"One global operating company had to identify at what level of risk their sites were," said Steve Elliott, senior director offer marketing for process automation at Schneider Electric. "They defined a minimum standard and asked: ‘Where are we against this for each of the sites?’ Next step is to rank the sites, look at the ones with the biggest gap or consequence and prioritize these to get them up to the minimum standard as soon as possible. First, the company had to establish a benchmark and train people accordingly; the site managers, the process safety leads. Secondly, they performed a gap analysis which resulted in a site improvement plan. All of this then had to be implemented and completed.
"In terms of implementation, they needed to look at the top three hazards and eradicate them," Elliott said. "For this, they used a risk matrix, with ‘site hazard rating’ and ‘site maturity’ as the two axis. In the risk matrix they plotted each of the assets with the number of total sites, approx. 80 to 90. As in a typical risk matrix everything located in the top right corner was closely examined, these were their high risk, high consequence sites and had to be moved down on the chart. One of the implemented approaches was sharing people across sites. People from a well performing site were moved to influence the sites not doing so well."
"Pick up the annual report, I guarantee that you will read the word safety within the first three pages," said Nasir Mundh, global director of safety services for process automation at Schneider Electric. "See who is walking the walk and talking the talk. When looking at your 14 elements of OSHA, how many are you really applying yourself? It is one thing to say we haven’t had an injury in one million hours, how confident are you that there will not be an injury in the next hour? If the executive states we have a good process in place and we know what we are doing, that is fine. But, when they say I don’t know, we ask how can you find out? Do your people know what is happening? do you have a firm grip around it?"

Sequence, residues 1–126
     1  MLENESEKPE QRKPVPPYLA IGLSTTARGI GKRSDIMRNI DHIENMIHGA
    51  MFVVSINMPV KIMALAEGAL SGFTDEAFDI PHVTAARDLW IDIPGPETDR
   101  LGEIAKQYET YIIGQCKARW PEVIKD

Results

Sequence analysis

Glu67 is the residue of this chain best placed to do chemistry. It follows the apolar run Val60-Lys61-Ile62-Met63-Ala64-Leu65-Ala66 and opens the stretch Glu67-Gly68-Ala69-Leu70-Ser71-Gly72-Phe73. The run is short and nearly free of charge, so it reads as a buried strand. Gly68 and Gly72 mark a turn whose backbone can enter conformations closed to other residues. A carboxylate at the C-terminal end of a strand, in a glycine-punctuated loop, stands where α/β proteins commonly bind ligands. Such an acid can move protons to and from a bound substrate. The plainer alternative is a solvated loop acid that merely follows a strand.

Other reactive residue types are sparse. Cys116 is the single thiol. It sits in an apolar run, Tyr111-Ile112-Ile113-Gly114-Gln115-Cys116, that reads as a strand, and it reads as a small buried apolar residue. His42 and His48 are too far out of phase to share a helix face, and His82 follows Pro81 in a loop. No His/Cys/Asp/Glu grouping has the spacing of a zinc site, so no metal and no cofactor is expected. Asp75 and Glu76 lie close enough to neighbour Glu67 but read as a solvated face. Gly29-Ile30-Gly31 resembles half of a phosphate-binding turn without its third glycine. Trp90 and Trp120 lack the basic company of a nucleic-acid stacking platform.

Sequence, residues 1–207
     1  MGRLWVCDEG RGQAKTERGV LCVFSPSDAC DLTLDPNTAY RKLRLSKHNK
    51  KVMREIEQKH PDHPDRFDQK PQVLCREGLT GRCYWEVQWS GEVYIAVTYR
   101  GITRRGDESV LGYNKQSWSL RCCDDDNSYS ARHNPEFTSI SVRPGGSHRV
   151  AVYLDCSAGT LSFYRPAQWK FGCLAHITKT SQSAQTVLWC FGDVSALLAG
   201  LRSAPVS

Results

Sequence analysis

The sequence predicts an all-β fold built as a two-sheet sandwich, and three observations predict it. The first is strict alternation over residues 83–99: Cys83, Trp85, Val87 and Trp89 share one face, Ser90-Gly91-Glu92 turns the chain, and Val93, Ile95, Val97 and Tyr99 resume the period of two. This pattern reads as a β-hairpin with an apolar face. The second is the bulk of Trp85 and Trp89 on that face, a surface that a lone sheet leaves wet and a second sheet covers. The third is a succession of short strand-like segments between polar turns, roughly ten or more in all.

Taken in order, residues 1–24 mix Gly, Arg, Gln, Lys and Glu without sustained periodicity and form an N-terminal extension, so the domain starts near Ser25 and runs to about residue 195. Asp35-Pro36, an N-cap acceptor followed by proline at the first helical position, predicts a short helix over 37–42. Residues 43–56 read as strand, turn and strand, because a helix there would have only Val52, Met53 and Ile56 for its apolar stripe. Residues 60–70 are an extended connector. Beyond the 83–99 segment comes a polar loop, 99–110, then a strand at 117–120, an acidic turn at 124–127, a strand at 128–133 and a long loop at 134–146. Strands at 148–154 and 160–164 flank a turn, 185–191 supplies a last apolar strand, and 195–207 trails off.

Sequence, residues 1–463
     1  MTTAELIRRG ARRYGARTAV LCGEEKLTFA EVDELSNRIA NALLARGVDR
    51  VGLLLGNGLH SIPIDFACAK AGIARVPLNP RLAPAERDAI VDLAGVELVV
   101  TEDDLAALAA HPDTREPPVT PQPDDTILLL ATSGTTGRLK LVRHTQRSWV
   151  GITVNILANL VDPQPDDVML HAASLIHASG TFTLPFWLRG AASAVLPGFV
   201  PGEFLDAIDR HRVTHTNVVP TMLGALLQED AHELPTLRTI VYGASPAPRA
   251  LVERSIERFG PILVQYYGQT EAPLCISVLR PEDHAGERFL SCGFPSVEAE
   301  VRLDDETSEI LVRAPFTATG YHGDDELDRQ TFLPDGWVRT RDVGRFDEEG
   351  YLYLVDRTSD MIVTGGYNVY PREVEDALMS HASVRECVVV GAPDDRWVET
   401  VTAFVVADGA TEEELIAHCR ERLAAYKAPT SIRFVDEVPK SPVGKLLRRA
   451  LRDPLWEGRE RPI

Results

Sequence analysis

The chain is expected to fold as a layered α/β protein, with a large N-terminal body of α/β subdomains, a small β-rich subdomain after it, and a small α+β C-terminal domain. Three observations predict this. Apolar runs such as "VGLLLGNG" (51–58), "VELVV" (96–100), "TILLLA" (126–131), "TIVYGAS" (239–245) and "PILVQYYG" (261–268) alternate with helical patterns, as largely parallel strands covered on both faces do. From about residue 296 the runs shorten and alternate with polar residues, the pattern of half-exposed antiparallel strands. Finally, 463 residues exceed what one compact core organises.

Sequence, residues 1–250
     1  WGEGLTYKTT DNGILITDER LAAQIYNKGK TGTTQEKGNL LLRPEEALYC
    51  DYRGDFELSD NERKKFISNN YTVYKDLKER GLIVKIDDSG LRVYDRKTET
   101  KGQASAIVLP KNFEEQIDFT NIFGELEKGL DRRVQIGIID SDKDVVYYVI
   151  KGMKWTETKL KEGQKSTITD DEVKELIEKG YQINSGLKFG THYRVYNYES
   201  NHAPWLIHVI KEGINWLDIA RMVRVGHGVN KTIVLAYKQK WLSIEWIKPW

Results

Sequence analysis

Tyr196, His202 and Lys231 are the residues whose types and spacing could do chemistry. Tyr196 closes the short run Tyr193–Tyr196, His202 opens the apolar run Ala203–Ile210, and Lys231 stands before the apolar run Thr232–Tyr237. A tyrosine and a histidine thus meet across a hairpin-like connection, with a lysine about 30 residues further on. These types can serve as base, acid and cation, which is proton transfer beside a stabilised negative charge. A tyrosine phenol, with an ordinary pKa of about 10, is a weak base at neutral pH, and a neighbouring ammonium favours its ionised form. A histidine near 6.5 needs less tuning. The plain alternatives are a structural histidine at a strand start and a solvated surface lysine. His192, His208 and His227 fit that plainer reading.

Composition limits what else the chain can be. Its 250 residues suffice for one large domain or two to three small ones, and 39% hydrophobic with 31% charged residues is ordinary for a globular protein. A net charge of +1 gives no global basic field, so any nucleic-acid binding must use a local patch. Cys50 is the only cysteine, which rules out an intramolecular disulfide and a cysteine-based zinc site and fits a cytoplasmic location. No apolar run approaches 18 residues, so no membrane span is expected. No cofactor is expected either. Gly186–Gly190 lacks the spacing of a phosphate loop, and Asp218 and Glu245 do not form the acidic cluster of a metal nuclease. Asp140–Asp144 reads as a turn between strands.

Establish a goal
"The first thing is always to establish a goal," said Joshua Carlson, cybersecurity manager for North America at Schneider Electric. "Sometimes that goal is reflective of an industry guideline or requirement. You will find some of the corporations adopted their own standards saying we will be IEC 62443 compliant. We will be ISO 27000-1 compliant. That framework sets the stage for everything you do from that point forward.
"I would say at the beginning there is always the risk assessment and the gap analysis that occurs," Carlson said. "We are now starting to see organizations asking what is the threat? The likelihood and potential for that threat to happen, equals their risk. If everything is low and there are minimal people, minimal assets and minimal things happening all the time, it then becomes very simple to protect and control."
Gregory Hale is the editor and founder of Industrial Safety and Security Source (ISSSource.com), a news and information website covering safety and security issues in the manufacturing automation sector. This content originally appeared on ISSSource.com. Edited by Chris Vavra, production editor, CFE Media, Control Engineering, firstname.lastname@example.org.